NEW ORLEANS (AP) — A marathon project is under way in New Orleans to digitize thousands of time-worn 18th-century French and Spanish legal papers that historians say give the first historical accounts of slaves and free blacks in North America.

Yellowed page by yellowed page, archivists are scanning the 220,000 manuscript pages from the French Superior Council and Spanish Judiciary between 1714 and 1803 in an effort to digitize, preserve, translate and index Louisiana’s colonial past and in the process help re-write American history.

“No single historian could ever live long enough to write all the books that are to be written from all these documents,” said Emily Clark, a Tulane University historian who has worked in the papers.

The few historians who’ve pored over the unique archive say it’s pivotal because it connects early America to the broader history of the Atlantic slave trade. It’s at the heart of a wave of research tracing American roots beyond the English colonies and into Spain, France and Africa.

“We don’t think of American society simply built from east to west, but we think of it as built from south to north,” said Ira Berlin, a University of Maryland historian. “As you begin to think of a different kind of history, you’re naturally looking for new kinds of sources to write that history.”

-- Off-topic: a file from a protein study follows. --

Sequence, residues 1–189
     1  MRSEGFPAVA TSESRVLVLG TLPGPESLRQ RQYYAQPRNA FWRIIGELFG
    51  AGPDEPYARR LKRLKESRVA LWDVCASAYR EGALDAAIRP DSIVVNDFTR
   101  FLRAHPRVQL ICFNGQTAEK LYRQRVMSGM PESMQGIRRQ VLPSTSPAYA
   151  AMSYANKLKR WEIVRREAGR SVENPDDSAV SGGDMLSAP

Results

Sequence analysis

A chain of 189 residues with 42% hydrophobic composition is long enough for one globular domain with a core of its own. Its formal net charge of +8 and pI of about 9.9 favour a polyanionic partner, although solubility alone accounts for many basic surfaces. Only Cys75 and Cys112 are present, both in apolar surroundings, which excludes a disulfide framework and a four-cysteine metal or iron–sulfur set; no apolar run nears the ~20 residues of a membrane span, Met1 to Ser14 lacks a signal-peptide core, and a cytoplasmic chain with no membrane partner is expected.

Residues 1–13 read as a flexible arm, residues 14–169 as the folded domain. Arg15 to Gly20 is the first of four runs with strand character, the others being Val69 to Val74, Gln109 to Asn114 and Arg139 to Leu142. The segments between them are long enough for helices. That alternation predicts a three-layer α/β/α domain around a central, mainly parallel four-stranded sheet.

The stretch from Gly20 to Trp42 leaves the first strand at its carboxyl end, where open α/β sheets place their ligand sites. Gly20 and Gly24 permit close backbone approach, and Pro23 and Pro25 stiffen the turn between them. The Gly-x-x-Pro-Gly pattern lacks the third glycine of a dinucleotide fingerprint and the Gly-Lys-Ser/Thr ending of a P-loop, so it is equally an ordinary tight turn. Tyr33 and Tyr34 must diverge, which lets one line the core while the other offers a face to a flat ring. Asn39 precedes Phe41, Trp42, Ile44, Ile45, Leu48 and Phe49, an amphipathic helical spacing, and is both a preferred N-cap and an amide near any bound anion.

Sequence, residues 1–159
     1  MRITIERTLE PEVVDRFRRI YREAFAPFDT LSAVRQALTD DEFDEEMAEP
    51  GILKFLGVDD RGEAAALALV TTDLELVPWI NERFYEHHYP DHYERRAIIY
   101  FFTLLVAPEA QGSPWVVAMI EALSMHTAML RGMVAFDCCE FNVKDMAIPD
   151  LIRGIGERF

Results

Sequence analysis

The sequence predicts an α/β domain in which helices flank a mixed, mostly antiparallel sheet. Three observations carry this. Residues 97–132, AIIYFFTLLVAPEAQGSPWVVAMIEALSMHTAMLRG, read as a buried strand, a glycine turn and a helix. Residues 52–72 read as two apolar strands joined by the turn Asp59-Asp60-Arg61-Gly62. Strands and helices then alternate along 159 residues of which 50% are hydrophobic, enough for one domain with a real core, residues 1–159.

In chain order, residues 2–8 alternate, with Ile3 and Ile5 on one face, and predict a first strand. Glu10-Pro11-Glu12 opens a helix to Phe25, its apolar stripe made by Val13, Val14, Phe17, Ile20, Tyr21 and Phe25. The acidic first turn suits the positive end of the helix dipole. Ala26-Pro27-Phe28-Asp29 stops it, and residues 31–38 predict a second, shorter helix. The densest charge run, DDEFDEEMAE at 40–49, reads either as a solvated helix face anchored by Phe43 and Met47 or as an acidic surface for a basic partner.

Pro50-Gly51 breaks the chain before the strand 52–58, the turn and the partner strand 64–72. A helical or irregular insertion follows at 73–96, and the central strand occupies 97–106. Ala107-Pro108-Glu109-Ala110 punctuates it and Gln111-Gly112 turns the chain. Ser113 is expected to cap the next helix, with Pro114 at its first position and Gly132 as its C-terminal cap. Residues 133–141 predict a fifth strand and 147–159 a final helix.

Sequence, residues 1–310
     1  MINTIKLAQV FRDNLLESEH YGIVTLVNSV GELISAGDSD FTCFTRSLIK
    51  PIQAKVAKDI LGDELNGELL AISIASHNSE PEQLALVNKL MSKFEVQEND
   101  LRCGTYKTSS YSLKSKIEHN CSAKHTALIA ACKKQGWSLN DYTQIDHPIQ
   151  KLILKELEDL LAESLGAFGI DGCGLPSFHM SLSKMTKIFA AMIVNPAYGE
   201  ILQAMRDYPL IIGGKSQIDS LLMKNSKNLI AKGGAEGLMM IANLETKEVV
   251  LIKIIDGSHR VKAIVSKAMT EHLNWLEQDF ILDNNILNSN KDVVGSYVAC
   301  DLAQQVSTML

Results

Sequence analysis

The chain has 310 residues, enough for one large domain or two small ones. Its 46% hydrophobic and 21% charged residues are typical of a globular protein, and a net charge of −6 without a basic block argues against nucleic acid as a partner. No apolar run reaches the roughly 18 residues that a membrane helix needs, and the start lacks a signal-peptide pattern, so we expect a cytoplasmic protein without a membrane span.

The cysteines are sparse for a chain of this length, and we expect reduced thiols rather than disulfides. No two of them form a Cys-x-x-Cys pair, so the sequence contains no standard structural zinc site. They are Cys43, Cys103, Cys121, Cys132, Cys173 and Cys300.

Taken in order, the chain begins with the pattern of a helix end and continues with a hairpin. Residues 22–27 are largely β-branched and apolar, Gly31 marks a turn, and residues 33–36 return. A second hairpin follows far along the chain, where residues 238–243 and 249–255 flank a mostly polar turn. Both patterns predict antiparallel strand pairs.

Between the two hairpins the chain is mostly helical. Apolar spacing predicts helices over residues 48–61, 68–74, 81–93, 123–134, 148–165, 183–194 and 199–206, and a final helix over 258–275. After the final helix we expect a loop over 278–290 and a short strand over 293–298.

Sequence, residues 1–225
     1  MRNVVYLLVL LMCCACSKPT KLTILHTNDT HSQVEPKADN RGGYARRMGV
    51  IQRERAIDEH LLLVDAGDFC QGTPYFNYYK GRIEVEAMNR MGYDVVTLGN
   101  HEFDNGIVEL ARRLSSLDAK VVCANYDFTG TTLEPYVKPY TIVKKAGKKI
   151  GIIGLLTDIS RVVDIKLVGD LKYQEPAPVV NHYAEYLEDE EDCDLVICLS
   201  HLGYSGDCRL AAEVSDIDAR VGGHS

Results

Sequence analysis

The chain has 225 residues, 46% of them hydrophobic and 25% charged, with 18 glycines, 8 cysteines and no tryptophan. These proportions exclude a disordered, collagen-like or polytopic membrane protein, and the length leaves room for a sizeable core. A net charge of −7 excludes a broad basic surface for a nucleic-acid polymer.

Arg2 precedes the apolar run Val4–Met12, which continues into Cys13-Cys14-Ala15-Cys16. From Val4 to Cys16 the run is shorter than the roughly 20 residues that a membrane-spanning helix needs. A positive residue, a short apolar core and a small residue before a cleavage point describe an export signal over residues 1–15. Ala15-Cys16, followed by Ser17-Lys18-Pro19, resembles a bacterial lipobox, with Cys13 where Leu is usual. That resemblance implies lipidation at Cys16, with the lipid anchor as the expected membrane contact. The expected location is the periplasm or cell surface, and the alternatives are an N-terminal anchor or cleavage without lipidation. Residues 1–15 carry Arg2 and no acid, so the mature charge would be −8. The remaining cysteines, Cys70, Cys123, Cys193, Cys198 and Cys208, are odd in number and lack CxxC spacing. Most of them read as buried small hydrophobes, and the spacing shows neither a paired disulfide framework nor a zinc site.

This massive trove mostly describes domestic life as found in civil court papers, because the colony’s administrative records were taken back to Europe when the United States took possession of Louisiana in 1803.

So they tell of shipwrecks and pirates, of thieves and murderers, of gambling debts and slave sales, of real estate deals and wills. One finds pages signed by historical figures like Jean-Baptiste Le Moyne, better known as Bienville, the founder of New Orleans, and Louis XVI, the king of France. And the bizarre, as in the case of a man accused of selling dog meat to Charity Hospital.

Inside the Old United States Mint museum, where the archive is stored, the pace of work is slow and methodical. The digitization team now consists of one full time staffer and one part-timer. The Louisiana State Museum, which cares for the archive, hopes to add more staff and finish the project within three years. At the current pace, it will take more than 10 years to finish.